Allentown Toy Manufacturing building could become affordable housing | Lehigh Valley Regional News


ALLENTOWN, Pennsylvania — The Allentown City Council Wednesday night approved a plan to raise funds to rehabilitate and reuse the old Allentown Toy Manufacturing Co. building.

The City of Allentown is requesting $1.5 million for use by the Allentown Redevelopment Authority to repurpose the lot at 725 N. 10th St. It plans to build a 20-unit affordable housing development, according to Leonard Lightner, the city’s chief operating officer.

The project – which will prioritize low-income residents – will be funded entirely by a grant from U.S. Representative Susan Wild Community Project Funding if the city is successful.

The building, which is currently vacant, has not yet been acquired. Allentown Toy Manufacturing announced in December 2021 that it would be closing its doors after 70 years in business, more than 50 of which were spent in the 10th Street building.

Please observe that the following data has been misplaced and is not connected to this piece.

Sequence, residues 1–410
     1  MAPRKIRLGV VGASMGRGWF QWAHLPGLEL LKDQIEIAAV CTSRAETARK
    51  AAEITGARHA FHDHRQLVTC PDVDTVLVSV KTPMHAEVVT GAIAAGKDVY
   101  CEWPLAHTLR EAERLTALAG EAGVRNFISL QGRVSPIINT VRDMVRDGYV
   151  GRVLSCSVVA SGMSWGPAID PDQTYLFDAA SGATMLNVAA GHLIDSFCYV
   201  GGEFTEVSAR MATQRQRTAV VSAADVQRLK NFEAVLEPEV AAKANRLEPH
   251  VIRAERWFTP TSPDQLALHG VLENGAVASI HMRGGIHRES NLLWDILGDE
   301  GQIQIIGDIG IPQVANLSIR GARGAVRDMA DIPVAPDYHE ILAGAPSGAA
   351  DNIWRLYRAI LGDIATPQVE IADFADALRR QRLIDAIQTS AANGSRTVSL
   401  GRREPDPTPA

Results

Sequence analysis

New cops

In other news, the council approved the hiring of seven police officers. Each of the patrol officers receives an annual salary of $64,511.

One of the seven officers, Stephen Rowe, is from the city. Chandler Wilson, Dalton DeRosa, Keegan Connelly, Allen Strohl, Elias Roman and Michael Bramble make up the total approved contingent.

Mayor Matt Tuerk’s administration indicated that the hires “would benefit the city of Allentown with additional police presence.”

The officers had already been hired, but Wednesday night’s action makes them officially active.

“This is the resolution to put them on the streets,” Lightner said.

City Contracts

The council also approved four separate contracts. One is with Qualtrics of Provo, Utah to conduct an employee engagement survey. Qualtrics was the second-lowest bid, but won because it “beats” the lowest bidder – Beyond Feedback – in four categories. The deal will pay Qualtrics a total of $39,688.

A second includes a pact with Philadelphia-based Materials Conservation Co. to manage the maintenance of two of the city’s existing public works of art. The contract is for $58,750.

art commission

Eventually, Jane Heft and Mercy Mackenzie were reappointed and appointed to the Art Commission, respectively. Both terms run until January 2, 2027.


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